“It Is What It Looks Like”: Sapulpa Police arrest alleged molester of 8-year-old autistic girl
When she caught him with his pants down, the man said to her, "It is what it looks like," and "Do you want some of this, too?"
Following a call to police dispatch, Officer Steven Funk of the Sapulpa Police Dept. responded to a home on S. Mounds concerning a possible sex crime. On Saturday, October 27th about 3:38 p.m., he spoke to the mother of the alleged victim, who is an autistic, 8-year-old girl. The child is non-verbal.
The mother left the child inside their residence while she went outside to smoke a cigarette on the front porch. Then she heard a strange noise from her daughter and went inside to check on her. She allegedly saw her daughter backed into a corner of the kitchen, nude, with her arms raised, and she looked scared. Standing about 1-2 feet away was the defendant, John W. Pingleton, age 53, with his jeans pulled down to his knees. He had his boxers on, but she said he had an erection. The defendant began pulling his pants up and the victim’s mother swore at him and asked what was going on.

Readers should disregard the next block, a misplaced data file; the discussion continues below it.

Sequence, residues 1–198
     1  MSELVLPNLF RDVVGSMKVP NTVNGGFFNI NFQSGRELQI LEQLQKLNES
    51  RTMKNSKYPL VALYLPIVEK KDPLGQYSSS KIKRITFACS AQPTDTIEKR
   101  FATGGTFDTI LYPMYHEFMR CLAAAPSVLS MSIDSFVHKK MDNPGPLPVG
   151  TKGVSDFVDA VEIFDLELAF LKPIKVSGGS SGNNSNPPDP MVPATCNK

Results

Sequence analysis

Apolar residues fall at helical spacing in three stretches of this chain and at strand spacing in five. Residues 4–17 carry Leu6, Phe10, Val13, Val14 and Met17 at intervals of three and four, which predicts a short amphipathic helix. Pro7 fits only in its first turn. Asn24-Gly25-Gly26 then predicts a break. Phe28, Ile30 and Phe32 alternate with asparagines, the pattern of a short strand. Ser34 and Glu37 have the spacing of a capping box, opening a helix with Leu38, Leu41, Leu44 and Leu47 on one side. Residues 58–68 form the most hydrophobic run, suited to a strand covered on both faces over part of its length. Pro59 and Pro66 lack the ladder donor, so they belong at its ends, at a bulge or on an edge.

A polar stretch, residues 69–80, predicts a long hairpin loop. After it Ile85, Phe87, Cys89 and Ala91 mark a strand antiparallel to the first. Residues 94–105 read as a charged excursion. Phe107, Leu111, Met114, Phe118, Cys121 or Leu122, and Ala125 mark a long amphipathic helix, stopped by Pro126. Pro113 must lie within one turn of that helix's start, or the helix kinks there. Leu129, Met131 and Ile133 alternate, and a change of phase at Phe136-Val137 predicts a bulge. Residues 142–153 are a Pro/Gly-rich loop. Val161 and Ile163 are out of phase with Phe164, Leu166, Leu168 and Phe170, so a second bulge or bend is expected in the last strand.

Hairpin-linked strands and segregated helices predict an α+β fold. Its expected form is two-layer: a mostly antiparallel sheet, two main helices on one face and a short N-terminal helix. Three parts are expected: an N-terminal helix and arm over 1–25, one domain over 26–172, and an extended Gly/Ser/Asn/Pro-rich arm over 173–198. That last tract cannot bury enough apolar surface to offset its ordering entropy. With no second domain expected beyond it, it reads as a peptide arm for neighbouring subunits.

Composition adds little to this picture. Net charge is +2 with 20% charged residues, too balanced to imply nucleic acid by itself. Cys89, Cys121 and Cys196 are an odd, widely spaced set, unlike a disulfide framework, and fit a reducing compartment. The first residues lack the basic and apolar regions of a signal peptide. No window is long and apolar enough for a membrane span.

The defendant allegedly made several statements to her, like “It is what it looks like” and “Do you want some of this, too?” while walking toward her and pulling his shirt up, is if he were “prison tough.”
The victim was removed from the scene for safety and the victim’s grandmother called police. The child has “textile” issues related to her autism and often undresses herself, but they had just dressed her prior to going out on the porch.
Pingleton is the grandmother’s brother, the mother’s uncle, and the victim’s great-uncle. He had been living with them since June when he was released from prison on probation for murder.
Officer Funk tried to talk to the defendant, but he refused to cooperate. Officer Amy Nichols arrived on the scene and tried to talk to the defendant, but he told her to leave his house and that she was breaking the law. Officer Nichols arrested the defendant and tried to interview him again.
Pingleton ordered Nichols to release him accused her of breaking the law since the officer didn’t see him commit a crime and mumbled other things about how he was charging her under the “Treaty of Organized Crime” and other nonsensical statements.
Records showed that Pingleton has one prior felony conviction for first-degree murder in 2008. He received a life sentence, with all but the first 25 years suspended, and had been released in June of 2018.
About the Author
Lottie Wilds is a native Oklahoman and a multi-talented woman—she is a mother, grandmother, Navy veteran, and lifelong creator. Lottie loves to quilt, decorate, garden, swim, paint, and write stories. She is grateful for every day she gets a chance to get it right.